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How to Choose Ethical and Sustainable Clothing Brands

Today we meet Jess from the blog naturallynomadic.blog. She has a few tips and tells us what she pays attention to when buying sustainable fashion.

 

What should you consider when buying sustainable? 

 

Perhaps you’ve recently decided that you want to shop a little more consciously, choosing loose fruit and veg instead of in plastic packaging, buying sustainable products over cheap mass made ones. But what happens when it comes to clothes? Where do you find sustainable fashion items and how do you know if the products they make are actually better for the environment?

There are many big brands and businesses that are jumping on the sustainable living bandwagon which is definitely in the right direction, but we have to be careful that we’re not being reeled in by greenwashing campaigns. I’ve put together a few things to look out for when shopping for sustainable clothing and footwear.

 

The brand

 

Although this isn’t a perfect rule, many smaller sustainable businesses usually care a great deal more about the finer details, digging deeper into their manufacturing line, finding out where their suppliers get their material from etc and will only settle when totally convinced it is the right path.

Buying from small businesses also has loads more benefits. If you are looking to make a purchase from a bigger, more well known brand, they should have some information attached to their website relating to the materials they use and where they source them from. If they don’t, ask them! If they are selling ‘planet-friendly’ products, they should be able to back up that claim.

 

The materials they use

 

Most sustainable brands are much more transparent with exactly what their products are made from. You will usually be able to find material information on the product page. It’s worth noting here that there is no one material that doesn’t have an environmental impact. The aim is to be using materials that have the smallest footprint. For example, cotton requires a huge amount of water to grow, but organic cotton requires a lot less, produces up to 94% less greenhouse gas emissions, plus it doesn’t use pesticides which is a huge win for the bees and the people that grow it.

Although fabrics like polyester and acrylic are made from plastic, don’t instantly dismiss them. They are a lot harder wearing and quick drying which is essential for items such as shoes, swimwear and rain jackets. It also means that the products you buy will last a lot longer which slows down the rate of new items we buy. Some businesses now are also now using recycled polyester and leather which involves making use of waste products instead of sending them to landfill.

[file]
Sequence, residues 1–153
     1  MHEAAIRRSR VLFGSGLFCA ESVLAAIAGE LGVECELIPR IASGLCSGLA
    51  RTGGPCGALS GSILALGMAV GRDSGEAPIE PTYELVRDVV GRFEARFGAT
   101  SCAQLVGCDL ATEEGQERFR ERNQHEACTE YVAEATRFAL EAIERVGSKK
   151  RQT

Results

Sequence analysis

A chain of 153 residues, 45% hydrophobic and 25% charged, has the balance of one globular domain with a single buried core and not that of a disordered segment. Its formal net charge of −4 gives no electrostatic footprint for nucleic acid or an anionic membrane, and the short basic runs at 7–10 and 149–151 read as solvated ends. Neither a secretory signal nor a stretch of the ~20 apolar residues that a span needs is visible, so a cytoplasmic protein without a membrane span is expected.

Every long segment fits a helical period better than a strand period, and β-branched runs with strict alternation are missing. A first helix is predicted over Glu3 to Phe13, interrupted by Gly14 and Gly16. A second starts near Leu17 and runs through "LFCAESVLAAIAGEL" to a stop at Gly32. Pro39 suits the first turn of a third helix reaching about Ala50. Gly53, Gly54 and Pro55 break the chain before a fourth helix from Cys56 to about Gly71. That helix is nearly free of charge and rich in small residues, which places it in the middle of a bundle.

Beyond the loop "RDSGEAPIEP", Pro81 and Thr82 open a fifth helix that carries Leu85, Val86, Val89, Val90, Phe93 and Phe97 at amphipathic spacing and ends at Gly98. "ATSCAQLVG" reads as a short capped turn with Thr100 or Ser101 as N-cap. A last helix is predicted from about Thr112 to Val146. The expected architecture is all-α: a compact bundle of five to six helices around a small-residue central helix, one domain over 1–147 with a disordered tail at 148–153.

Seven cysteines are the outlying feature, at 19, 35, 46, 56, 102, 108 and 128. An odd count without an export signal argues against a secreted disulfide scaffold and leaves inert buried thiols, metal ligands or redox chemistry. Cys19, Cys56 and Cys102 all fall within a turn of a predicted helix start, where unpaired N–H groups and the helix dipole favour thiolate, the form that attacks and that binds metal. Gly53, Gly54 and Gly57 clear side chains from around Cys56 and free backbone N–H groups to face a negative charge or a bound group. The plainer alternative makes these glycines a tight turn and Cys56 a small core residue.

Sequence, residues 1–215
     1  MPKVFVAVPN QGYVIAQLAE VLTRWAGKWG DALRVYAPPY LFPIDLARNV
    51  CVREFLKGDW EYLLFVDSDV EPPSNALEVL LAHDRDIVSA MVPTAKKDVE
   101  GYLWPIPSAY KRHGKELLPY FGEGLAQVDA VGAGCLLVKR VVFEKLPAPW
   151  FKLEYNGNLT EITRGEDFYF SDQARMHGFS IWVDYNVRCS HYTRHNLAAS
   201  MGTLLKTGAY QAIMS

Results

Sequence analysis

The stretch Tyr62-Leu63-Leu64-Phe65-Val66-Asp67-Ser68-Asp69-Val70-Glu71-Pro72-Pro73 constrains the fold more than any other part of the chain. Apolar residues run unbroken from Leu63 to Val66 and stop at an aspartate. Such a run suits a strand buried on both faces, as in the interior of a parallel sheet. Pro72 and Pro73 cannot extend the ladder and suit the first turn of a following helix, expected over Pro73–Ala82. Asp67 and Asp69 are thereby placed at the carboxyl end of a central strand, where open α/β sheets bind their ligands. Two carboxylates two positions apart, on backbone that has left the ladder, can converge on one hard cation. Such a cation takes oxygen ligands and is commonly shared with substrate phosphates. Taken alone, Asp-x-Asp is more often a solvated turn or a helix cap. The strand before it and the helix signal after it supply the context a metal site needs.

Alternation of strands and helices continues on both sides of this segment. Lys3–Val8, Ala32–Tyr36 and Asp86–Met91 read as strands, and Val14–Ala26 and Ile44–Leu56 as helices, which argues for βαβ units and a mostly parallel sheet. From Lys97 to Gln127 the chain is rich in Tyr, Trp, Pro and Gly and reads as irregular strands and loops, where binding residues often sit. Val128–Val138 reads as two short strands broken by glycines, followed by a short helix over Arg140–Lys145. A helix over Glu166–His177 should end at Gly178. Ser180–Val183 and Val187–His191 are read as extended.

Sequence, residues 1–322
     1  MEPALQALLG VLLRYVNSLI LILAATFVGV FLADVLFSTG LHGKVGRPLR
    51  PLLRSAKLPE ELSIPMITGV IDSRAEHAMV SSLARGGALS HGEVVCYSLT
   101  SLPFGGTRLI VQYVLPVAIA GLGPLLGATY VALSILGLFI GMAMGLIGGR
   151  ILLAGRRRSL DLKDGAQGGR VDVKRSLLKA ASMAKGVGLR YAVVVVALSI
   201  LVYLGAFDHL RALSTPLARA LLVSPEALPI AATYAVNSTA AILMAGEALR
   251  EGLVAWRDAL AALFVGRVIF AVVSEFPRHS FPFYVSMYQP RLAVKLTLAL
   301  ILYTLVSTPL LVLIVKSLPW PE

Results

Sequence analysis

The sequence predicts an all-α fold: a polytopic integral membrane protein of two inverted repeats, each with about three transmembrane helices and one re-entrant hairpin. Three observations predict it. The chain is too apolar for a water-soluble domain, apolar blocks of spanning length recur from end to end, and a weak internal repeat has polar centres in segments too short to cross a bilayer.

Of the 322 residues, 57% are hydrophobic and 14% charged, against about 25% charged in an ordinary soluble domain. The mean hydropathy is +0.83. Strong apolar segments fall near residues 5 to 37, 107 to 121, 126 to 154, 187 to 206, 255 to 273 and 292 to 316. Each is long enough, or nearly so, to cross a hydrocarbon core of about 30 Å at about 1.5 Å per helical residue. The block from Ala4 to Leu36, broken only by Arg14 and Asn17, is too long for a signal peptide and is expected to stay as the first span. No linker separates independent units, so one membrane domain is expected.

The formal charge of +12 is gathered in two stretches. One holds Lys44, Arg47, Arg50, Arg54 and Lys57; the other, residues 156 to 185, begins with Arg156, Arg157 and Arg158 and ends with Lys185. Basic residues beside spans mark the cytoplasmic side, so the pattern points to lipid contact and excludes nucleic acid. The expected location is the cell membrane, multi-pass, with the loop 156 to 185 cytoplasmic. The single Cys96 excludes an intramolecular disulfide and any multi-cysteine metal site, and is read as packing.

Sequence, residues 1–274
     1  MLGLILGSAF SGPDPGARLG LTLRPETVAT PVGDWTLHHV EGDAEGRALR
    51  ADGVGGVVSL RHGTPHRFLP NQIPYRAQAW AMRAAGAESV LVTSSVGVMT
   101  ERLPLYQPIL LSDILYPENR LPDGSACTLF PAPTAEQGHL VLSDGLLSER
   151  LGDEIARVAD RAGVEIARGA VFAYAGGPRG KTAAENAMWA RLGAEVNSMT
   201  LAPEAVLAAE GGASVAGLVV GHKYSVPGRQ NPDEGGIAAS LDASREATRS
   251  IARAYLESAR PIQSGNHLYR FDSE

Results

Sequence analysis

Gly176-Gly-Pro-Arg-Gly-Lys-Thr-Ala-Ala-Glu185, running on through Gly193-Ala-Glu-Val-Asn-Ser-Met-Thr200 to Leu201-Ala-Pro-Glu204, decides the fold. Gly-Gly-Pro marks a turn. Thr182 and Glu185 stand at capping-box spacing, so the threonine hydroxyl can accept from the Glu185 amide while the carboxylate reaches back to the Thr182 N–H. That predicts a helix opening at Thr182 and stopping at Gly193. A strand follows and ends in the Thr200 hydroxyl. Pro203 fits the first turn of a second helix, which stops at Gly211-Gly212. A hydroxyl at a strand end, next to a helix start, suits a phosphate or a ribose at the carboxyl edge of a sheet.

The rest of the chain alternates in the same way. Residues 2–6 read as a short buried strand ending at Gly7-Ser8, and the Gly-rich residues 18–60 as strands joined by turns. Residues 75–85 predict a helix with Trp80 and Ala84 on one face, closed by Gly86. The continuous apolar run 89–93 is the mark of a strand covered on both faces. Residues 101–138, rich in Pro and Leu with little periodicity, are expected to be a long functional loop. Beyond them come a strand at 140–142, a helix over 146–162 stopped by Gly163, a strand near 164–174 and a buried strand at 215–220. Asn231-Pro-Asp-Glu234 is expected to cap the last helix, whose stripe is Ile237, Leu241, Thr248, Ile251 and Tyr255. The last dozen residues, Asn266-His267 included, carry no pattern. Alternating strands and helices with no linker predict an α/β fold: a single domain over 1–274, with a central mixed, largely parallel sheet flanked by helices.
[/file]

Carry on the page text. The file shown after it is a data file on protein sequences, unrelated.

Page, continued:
Photo: Jess from Naturally Nomadic

 

Their ethics

 

We have a responsibility to not only look after our planet, but also those who live on it too. Sustainable and ethical business practises usually go hand in hand which means that many sustainable businesses may also be members of ethical organisations. Certified companies are required to meet strict rules on ethical practises including fair wage, gender equality and access to basic services. Check for stamps of approval like Fair Trade, Fair Wear or GOTS (Global Organic Textile Standard).

The issue with these organisations is that it can be quite expensive to get certified. Although some small businesses may not be able to afford the sustainable and ethical certificates, they are usually always very transparent and happy to answer any questions. If you’re unsure, don’t be afraid to ask!

 

So how do you go about finding these amazing brands? There are some apps now that rate brands on their ethical and sustainable effort such as Good On You who do all the research for you. Searching social media is great as this is an easy and cheap way for small businesses to start promoting their products. Try scrolling through hashtags such as #slowfashion, #ecofashion or even something more specific like #sustainableshoes. Start following some sustainable influencers or bloggers as they usually do a lot of their own research into a brand before they agree to promote it.

 

At the end of the day, it really comes down to whether a brand can back up their claims of sustainability. By searching sustainable you can find some amazing new brands, and if your favourite brands don’t seem to be doing enough, tell them! Don’t forget that as a consumer you have power to force change!

 

Header: Jess von Naturally Nomadic

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